But while his eponymous plan was rejected, its substance, which was based on the Clinton Plan, formed the basis of the Tenet Plan, the road map plan and the Annapolis Plan. And now, Mitchell is about to return to Israel, at the start of yet another presidential administration to offer us his plan again.
MITCHELL, OF COURSE, is not the only one repeating the past. His boss, Barack Obama, is about to repeat the failures his immediate predecessors. Like Clinton and Bush, Obama is making the establishment of a Palestinian state the centerpiece of his foreign policy agenda.
Obama made this clear his first hour on the job. On Wednesday at 8 a.m., Obama made his first phone call to a foreign leader. He called PLO chief Mahmoud Abbas in Ramallah. During their conversation, Obama pledged his commitment to Palestinian statehood.
Fatah wasted no time responding to Obama's extraordinary gesture. On Wednesday afternoon Abbas convened the PLO's Executive Committee in Ramallah and the body announced that future negotiations with Israel will have to be based on new preconditions. As far as the PLO is concerned, with Obama firmly in its corner, it can force Israel to its knees.
And so, the PLO is now uninterested in the agreements it reached with Prime Minister Ehud Olmert and Foreign Minister Tzipi Livni. For Israel to enjoy the privilege of negotiating with the PLO, it must first announce its willingness to expel all the 500,000 or so Israeli Jews who live in Judea, Samaria and the neighborhoods in east, south and north Jerusalem built since 1967, as well as in the Old City, and then hand the areas over, lock, stock and barrel, to the PLO.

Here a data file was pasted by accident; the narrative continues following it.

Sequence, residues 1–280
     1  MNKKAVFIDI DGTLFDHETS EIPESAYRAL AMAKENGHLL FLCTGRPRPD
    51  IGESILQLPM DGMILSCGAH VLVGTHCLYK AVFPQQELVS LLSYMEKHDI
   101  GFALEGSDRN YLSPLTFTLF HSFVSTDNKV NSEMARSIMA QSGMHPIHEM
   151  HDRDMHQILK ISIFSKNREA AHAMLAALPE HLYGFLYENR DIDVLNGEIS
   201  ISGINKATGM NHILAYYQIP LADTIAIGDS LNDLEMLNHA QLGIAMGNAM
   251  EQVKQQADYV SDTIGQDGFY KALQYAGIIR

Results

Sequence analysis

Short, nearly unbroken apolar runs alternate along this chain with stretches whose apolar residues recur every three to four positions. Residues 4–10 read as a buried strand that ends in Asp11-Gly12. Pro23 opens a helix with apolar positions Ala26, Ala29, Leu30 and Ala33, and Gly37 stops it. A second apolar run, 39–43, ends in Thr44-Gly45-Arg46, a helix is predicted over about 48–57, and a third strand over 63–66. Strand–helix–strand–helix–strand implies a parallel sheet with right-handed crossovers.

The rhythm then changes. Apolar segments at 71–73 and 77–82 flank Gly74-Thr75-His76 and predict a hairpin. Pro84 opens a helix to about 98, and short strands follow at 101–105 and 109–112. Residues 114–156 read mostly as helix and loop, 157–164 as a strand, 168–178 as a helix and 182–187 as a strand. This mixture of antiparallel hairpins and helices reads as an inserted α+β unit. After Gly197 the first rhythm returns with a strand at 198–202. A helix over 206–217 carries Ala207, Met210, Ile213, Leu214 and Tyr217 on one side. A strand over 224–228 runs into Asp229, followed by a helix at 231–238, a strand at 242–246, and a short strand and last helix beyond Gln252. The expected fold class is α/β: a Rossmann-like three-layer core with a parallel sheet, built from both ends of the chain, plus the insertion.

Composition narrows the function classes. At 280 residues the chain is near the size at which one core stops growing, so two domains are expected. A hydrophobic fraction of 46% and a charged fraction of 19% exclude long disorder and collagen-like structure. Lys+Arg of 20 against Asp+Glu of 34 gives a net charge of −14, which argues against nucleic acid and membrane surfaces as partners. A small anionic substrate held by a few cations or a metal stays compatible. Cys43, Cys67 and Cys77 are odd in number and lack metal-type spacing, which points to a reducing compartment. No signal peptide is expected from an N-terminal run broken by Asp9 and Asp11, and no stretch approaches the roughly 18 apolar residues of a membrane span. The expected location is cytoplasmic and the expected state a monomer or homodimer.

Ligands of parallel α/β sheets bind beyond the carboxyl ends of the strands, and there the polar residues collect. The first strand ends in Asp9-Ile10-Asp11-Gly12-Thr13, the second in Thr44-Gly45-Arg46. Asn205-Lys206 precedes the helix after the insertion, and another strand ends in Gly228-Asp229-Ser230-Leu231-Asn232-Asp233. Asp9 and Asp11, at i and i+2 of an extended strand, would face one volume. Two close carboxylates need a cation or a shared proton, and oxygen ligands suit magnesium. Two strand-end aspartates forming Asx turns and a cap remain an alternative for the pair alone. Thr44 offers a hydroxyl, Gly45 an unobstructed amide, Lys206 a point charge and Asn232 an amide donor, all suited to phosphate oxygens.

This new PLO "plan" itself is nothing new. It is simply a restatement of the Arab "peace plan," which is just a renamed Saudi "peace plan," which was just a renamed Tom Friedman column in The New York Times. And the Friedman plan is one that no Israeli leader in his right mind can accept. So by making this their precondition for negotiations, the PLO is doing what it did in 2000. It is rejecting statehood in favor of continued war with Israel.
What is most remarkable about the new administration's embrace of its predecessors' failed policy is how uncontroversial this policy is in Washington. It is hard to come up with another example of a policy that has failed so often and so violently that has enjoyed the support of both American political parties. Indeed, it is hard to think of a successful policy that ever enjoyed such broad support.
Apparently, no one in positions of power in Washington has stopped to consider why it is that in spite of the fervent backing of presidents Clinton and Bush, there is still no Palestinian state.